Why Choose Liberty Shield VPN
Their offer is quite limited, I’m afraid – a cross-platform client powered by PPTP and L2TP protocols and servers in 10 countries (the US, the UK, Canada, New Zealand, Switzerland, Germany, Spain, France, Ireland, and the Netherlands).
Best VPN for
Liberty Shield doesn’t offer a free trial while their 24-hour money-back guarantee is supposed to give you some peace of mind if you want to try out their VPN.
It’s not cheap at $9.69 per month, $27.72 per three months, $49.91 per six months, and $97.06 per year. The provider bills in British Pounds, so the pricing may vary based on the current exchange rate.
It doesn’t help much that Liberty Shield only accepts credit card payments. For some reason, you need to pick a country when subscribing, but you can switch the servers as much as you need while using the VPN. The country selection must be a prerequisite for clients buying a VPN router from Liberty Shield, but it remains unclear why this extra step is necessary when you buy their VPN service without the hardware component.
The subscription buys you access to the servers in 10 countries, proxy, VPN via PPTP and L2TP, a VPN client for Windows and Mac, manual configuration guides for other platforms, and a ticket-based support.
Liberty Shield offers its native VPN client for Windows and Mac computers. You can also resort to manual setup and use Liberty Shield on Android, iOS, and media streaming boxes. Their proxy can be configured in game consoles and web browsers.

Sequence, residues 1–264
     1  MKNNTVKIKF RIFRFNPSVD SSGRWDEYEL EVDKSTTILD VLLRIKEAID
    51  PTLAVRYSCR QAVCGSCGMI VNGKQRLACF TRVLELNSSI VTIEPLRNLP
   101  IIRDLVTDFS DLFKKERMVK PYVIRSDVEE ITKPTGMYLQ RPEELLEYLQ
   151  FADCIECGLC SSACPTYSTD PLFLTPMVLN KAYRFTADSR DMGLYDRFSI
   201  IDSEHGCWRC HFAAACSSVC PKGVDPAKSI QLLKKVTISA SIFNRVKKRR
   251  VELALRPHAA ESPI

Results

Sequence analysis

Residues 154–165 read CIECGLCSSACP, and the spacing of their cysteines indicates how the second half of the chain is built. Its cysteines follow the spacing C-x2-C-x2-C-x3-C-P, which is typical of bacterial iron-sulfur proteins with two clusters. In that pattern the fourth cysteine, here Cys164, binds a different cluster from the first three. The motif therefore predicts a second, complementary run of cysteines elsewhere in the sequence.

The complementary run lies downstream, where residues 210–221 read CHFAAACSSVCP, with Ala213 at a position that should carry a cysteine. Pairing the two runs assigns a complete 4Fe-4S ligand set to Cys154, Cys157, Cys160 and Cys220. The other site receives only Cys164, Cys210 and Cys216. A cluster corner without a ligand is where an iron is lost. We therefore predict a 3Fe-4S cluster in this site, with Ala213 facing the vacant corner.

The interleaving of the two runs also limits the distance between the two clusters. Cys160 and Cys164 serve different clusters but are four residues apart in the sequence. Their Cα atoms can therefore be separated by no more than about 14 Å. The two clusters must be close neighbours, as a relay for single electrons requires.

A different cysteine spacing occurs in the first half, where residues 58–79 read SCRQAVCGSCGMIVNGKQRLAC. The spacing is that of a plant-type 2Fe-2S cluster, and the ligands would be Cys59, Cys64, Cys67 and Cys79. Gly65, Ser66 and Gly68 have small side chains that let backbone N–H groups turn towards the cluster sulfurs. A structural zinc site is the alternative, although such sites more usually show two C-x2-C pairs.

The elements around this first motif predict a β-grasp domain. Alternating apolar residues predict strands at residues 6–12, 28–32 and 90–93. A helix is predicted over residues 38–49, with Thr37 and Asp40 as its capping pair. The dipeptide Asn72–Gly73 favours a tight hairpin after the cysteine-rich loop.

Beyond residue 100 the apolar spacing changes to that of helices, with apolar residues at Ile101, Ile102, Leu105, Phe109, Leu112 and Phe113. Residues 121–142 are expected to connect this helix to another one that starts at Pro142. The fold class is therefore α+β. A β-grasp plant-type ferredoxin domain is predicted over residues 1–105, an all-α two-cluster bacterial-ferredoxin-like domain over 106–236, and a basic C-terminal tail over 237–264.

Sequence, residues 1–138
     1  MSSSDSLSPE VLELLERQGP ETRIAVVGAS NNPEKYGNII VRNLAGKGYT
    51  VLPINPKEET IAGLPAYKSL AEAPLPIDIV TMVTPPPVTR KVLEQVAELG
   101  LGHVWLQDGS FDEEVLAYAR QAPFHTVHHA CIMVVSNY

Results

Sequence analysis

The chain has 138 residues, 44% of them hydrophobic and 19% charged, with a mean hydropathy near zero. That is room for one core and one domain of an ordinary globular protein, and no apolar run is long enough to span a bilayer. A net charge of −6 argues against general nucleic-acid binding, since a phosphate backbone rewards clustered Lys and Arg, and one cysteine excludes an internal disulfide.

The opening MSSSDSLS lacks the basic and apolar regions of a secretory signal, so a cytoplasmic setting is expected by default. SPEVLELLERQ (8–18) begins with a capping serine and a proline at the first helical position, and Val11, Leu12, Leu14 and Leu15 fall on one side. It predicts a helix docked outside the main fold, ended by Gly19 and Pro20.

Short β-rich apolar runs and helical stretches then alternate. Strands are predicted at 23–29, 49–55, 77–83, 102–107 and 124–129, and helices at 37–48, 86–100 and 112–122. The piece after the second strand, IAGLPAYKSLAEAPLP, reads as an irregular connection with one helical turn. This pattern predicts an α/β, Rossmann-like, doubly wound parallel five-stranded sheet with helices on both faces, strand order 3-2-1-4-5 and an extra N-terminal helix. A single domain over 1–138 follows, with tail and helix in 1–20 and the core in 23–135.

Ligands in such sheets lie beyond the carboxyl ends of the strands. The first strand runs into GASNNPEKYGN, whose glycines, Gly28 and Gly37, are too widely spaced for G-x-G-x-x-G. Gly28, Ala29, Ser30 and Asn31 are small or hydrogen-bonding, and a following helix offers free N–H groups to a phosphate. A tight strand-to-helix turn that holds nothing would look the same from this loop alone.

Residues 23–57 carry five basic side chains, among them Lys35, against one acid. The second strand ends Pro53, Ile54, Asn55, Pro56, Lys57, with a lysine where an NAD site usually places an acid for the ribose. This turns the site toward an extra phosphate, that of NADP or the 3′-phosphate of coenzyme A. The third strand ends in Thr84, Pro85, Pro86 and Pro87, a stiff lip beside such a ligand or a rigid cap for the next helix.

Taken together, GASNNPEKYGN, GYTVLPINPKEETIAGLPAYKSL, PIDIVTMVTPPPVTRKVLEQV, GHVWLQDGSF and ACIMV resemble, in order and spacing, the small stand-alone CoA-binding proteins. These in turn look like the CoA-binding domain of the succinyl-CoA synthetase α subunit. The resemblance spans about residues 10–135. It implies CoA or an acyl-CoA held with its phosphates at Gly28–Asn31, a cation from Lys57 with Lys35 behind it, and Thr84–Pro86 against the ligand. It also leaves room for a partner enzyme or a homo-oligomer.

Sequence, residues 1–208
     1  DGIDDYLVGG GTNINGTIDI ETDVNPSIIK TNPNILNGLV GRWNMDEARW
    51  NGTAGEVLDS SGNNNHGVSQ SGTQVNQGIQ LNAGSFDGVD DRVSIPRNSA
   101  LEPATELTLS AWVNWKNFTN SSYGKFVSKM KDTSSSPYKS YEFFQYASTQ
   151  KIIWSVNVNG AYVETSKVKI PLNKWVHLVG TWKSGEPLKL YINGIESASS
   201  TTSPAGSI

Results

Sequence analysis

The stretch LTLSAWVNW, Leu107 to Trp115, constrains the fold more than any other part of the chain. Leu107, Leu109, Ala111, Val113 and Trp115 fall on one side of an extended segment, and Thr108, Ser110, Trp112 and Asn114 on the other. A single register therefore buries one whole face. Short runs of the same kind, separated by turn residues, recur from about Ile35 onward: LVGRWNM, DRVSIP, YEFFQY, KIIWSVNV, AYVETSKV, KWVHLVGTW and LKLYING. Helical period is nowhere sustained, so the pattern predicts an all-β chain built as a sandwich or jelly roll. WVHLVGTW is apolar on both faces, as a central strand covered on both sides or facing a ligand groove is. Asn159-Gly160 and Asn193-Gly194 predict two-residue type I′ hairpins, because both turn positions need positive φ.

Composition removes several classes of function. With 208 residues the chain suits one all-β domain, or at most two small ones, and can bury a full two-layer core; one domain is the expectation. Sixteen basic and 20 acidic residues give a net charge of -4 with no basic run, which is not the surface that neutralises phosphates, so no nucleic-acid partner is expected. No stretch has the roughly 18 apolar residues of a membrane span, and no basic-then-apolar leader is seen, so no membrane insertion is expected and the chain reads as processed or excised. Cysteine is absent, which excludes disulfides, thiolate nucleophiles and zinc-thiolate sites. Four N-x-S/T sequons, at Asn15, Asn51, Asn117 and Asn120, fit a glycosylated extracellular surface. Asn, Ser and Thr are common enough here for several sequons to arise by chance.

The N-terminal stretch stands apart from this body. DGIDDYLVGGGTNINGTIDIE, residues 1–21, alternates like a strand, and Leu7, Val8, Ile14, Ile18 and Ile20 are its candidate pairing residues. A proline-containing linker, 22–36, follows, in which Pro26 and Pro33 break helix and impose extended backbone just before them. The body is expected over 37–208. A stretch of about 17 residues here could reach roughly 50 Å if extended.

The first thing you have to sort out is your customer dashboard. Frankly speaking, I am not a fan of how the company chose to present its knowledge base, access to support tickets, downloads, and customer account management. Nothing is in one place, and things quickly turn into a hassle when you need to check for troubleshooting guides, contact support, and access download files.
The knowledge base might be comprehensive, but finding information is not easy. Likewise, Downloads is a standalone page that doesn’t quite tie in with scattered out installation guides – it just links to the poorly organized helpdesk. The support portal requires you to create a separate user account to access your tickets. While I understand the logistics behind the decision to use a third-party platform for support, I find the rest of the dashboard’s UI to be a maze of unnecessary clicks and redirects.
I tested the Liberty Shield Windows desktop client. While the installation is a regular routine, I had to install it again after a PC reboot. I didn’t uninstall it – it just defaulted to an installer all by itself. Adding more confusion to the mix is the icon that says UK Proxy Server, not Liberty Shield or VPN Manager as the guide suggests.